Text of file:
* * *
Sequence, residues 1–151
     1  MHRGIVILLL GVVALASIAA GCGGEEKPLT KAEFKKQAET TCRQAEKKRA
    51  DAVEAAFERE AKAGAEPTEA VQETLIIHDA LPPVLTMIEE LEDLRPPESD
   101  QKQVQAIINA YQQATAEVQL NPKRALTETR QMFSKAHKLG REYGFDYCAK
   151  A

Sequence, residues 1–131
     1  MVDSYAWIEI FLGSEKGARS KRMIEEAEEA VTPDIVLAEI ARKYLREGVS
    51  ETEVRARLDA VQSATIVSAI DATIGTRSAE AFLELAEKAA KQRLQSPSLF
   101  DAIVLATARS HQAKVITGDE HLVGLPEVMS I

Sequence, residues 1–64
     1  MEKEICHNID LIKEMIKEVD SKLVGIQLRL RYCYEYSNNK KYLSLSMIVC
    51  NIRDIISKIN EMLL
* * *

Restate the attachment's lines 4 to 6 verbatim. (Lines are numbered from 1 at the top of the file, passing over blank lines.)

   101  QKQVQAIINA YQQATAEVQL NPKRALTETR QMFSKAHKLG REYGFDYCAK
   151  A

Sequence, residues 1–131